Types of Viburnum
With over 150 different species, viburnum is an unfussy shrub to grow for its stunning spring-blooming flowers and bright green foliage. Viburnum is classified as being deciduous, evergreen or semi-evergreen. This low-maintenance shrub prefers moist, fertile soils but can withstand dry soils, making it a very versatile shrub. The fall foliage of the viburnum is fiery in color to create a brilliant hedgerow. Nestled along a garden border, the viburnum stands out.
Sargent viburnum is a deciduous shrub that grows up to 15 feet tall and wide for a striking shrub to grow along the landscape. Sargent shrub has an upright, rounded form with white lace-like flowers. The flowers are flat topped and range from 3 to 4 inches wide. Sargent viburnum has lustrous dark green leaves that grow 2 to 5 inches long. In the fall the leaves change to a reddish-yellow color and the scarlet colored berries emerge. Sargent viburnum requires sun to partial shade and moist, well-drained soil. The USDA hardiness zone is 3b to 7.
This drought tolerant deciduous shrub has a moderate to rapid growth rate and medium texture. The nannyberry grows up to 18 feet tall and 10 feet wide and has arching, narrow branches that open with age. The creamy white flower blooms are flat topped and grow between 3 and 4 inches long. Beginning in the fall, the nannyberry produces fruit that is blackish blue in color. Nannyberry viburnum have long, dark green leaves that grow between 2 to 4 inches long and turn a reddish purple each fall. This hardy shrub requires sun to part shade and can be grown in a range of soil types. The USDA hardiness zone is 3 to 7.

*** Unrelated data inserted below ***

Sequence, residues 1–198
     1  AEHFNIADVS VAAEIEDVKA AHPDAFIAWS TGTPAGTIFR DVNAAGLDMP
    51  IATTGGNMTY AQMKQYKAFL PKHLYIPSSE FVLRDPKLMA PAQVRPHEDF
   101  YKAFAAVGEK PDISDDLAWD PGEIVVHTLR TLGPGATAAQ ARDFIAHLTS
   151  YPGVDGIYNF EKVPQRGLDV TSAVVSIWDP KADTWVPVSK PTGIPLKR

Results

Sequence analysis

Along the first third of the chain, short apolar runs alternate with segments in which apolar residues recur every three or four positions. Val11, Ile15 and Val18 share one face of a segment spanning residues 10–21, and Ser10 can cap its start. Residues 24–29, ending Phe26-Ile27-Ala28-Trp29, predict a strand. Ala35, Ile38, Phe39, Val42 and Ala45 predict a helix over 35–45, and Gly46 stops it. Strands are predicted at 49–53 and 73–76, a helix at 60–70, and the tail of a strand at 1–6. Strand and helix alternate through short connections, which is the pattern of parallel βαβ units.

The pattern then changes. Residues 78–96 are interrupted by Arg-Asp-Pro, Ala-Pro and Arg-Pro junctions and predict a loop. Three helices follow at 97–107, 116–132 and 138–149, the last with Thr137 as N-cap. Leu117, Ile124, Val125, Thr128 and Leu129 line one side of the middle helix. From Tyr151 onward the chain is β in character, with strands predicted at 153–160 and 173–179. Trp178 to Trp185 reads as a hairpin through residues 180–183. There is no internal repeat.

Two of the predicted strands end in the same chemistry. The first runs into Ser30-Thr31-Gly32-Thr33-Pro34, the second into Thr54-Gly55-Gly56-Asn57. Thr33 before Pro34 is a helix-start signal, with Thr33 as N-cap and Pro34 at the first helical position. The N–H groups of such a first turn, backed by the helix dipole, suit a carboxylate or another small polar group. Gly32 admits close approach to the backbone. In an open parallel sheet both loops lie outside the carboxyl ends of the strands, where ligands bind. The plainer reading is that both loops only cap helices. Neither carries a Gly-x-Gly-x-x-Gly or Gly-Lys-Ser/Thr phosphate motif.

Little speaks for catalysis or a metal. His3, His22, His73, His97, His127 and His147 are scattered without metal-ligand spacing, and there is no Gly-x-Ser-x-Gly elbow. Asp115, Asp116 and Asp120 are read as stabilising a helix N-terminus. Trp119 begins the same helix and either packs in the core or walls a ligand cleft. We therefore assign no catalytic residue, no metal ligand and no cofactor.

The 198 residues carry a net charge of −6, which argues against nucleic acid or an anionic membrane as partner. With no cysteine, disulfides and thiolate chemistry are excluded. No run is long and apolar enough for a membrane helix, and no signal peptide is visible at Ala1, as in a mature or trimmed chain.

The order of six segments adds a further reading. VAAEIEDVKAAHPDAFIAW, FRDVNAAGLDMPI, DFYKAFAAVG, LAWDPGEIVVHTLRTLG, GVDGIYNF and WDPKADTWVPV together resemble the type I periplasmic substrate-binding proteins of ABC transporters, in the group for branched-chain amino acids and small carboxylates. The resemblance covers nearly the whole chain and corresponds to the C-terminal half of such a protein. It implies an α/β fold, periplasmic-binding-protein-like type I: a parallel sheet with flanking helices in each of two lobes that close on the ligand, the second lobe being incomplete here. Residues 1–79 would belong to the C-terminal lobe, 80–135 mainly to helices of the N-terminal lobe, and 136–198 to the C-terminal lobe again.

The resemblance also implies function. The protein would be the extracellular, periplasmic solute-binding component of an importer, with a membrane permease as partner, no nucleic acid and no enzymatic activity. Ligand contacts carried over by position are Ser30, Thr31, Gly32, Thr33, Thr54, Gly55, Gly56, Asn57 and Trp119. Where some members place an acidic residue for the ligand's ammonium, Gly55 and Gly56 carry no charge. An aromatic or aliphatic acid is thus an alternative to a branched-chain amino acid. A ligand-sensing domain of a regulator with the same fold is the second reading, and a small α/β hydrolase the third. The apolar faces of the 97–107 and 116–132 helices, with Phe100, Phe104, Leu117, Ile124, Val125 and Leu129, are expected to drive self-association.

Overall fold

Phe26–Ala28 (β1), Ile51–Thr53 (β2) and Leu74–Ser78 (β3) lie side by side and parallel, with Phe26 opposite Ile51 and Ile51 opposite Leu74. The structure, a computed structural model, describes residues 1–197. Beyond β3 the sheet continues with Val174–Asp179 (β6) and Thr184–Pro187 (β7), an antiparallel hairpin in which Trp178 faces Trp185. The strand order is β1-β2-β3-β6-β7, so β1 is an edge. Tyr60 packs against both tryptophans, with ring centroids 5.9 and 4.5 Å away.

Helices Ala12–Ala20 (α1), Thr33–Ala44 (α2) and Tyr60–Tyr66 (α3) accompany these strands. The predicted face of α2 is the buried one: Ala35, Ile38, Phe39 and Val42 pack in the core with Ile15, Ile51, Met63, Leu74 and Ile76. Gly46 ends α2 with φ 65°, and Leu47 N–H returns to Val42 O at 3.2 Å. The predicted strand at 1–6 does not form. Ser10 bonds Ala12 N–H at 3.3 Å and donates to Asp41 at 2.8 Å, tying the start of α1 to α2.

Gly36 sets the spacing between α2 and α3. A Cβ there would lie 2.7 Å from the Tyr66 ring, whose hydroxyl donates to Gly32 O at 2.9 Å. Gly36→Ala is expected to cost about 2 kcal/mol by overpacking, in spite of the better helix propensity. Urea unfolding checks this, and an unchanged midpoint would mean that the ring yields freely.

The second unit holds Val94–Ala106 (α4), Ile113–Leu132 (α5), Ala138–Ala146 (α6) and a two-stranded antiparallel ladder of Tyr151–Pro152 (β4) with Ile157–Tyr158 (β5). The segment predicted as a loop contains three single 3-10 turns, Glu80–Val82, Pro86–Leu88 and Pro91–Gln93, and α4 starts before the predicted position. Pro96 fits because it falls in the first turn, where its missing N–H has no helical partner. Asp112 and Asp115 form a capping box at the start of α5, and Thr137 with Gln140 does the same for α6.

The tea viburnum is a slow growing variety with medium to course texture. The upright, vase-shaped form is stiff and becomes leggy with age. The long, bluish green leaves grow up to 6 inches and turn reddish purple in the fall. The flower on the tea viburnum is flat-topped and white and grow up to 2 inches long, producing bright red berries in the fall. Tea viburnum grows up to 12 feet tall and 8 feet wide, creating a bright focal point to the landscape. It requires sun to partial shade and moist, well-drained soils. The leaves of the tea viburnum are used to make teas, hence the name tea viburnum. The USDA hardiness zone is 5 to 7b.